We, too, Are Spiritually and Emotionally Ill…

“We are seeking recovery from our own progressive illness. My thinking became confused and my perspective became distorted.” Some symptoms of my disease include faulty thinking, obsessive thoughts, controlling behaviors, and my personal favorite, denial of reality. When first faced with the harsh, spirit-crushing existence of my spouse’s sexaholism in my life—probably for many, many years, I started grabbing at God and anything else I thought would help me. But some of the behaviors I exhibited were very, injurious to me. Examples are: constant checking on the sexaholic (a.k.a. pain-shopping), believing lies (denial), and arguing and pleading with a non-recovering, active sexaholic (an exercise in futility.) I now compare some of my actions with running back into a burning building. Insanity. A spiritually healthy person probably wouldn’t do them, but I did.

Thankfully, I was eventually led to S-Anon and began to try to follow a Twelve Step program. I went to work on accepting the reality of my life and situation. I discovered that my faulty thinking included believing that I couldn’t have what I really wanted in life. I had stuffed my feelings for so long that I wasn’t really clear about what I wanted anyway. When I began to write in our Blue Workbook, (Exploring the Wonders of Recovery) with a Step study group, I began a period of self-discovery that brought about the first true peace I’d ever felt. I realized that I had been living with sexaholism for years before I ever knew about it and that there had been effects upon me all along. As I began to look at my life in retrospect I began to realize that I had “numbed out” and forgotten who I was and just “went along,” plodding ahead, and putting out fires. I had essentially lost my self to my disease and faulty thinking. I discovered by working the Steps that there was some good news — I was powerless over these issues not because I’m flawed in design, but because I’d learned well from my family of origin.

I finished college; got a job I loved, got married, and squashed down all my misgivings about the relationship. We endured the heartbreak of infertility and adopted a baby even though I knew that my marriage wasn’t healthy. I should also mention that I had a lot of fun—denial can be like a warm blanket. I medicated all my bad feelings with a full calendar and a lot of people around me. I made Higher Powers out of my marriage, my friends, and my financial security. However, “I realized that I was working very hard to make the abnormal appear normal.” (Thank you, lunch speaker at Nashville 1/2009.) I also felt bad inside and really didn’t know why—“living with or having lived with a sexaholic becomes too much for most of us…” I had traded away the core of who I was to keep the peace, believed that my heart wasn’t important, and felt that my God-given intuition wasn’t valid. S-Anon has given me many gifts and the ability to cope with and accept my reality has brought about serenity that I never thought possible. I now understand why I was attracted to emotionally unavailable people. I also get why I couldn’t recognize unacceptable behavior and then accepted it. When our Step study group finished the Steps I knew that I was “addicted” to the spiritual life that I had been given. God might have allowed sexaholism into my life—but he also gave me a lighted path out.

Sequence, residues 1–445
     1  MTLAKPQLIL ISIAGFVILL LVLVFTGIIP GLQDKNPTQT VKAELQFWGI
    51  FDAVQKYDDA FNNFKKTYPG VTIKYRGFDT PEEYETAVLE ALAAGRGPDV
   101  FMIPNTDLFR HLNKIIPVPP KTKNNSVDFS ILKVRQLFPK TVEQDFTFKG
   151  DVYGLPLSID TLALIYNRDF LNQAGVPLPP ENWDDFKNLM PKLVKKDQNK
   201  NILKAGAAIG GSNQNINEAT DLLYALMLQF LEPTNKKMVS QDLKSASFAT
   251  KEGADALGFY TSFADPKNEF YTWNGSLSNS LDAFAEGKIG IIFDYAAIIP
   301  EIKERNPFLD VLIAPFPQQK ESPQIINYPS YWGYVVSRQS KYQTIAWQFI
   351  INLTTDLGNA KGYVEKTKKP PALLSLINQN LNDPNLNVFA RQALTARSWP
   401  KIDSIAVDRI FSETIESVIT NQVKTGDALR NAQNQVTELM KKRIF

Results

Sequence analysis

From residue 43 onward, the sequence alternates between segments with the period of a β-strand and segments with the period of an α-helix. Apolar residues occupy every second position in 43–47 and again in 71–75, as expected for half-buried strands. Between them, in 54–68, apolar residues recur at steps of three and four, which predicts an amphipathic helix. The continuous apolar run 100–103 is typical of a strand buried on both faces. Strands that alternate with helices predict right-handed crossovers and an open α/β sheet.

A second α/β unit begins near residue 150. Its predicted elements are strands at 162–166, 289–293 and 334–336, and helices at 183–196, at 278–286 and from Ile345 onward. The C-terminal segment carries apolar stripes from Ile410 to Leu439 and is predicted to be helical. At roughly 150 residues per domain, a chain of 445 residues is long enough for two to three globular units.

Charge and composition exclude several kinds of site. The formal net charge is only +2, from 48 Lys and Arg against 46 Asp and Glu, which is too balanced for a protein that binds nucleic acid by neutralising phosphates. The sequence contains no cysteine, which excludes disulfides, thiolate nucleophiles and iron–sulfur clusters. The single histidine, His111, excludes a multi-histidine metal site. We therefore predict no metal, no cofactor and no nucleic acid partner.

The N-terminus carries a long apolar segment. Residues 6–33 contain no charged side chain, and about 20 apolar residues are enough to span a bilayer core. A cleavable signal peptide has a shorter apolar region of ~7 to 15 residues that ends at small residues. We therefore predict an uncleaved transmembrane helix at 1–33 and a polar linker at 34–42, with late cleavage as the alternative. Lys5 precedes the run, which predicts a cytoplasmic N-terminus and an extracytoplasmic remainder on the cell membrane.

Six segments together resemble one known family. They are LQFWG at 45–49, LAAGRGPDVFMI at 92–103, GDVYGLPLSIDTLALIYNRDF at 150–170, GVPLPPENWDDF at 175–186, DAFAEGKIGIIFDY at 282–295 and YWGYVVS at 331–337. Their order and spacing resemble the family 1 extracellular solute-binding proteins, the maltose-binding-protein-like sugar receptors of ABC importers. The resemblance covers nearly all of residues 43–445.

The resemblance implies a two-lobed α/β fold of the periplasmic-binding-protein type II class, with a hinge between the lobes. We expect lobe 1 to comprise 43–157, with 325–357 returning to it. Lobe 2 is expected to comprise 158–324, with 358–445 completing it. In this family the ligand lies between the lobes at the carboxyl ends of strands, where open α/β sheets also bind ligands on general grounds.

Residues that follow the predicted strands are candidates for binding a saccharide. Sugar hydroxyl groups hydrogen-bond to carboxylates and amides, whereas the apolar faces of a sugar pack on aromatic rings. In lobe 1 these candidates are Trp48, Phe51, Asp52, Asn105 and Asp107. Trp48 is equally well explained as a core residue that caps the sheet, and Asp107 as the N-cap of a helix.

Reprinted from the Spring 2011 issue of S-Anews©.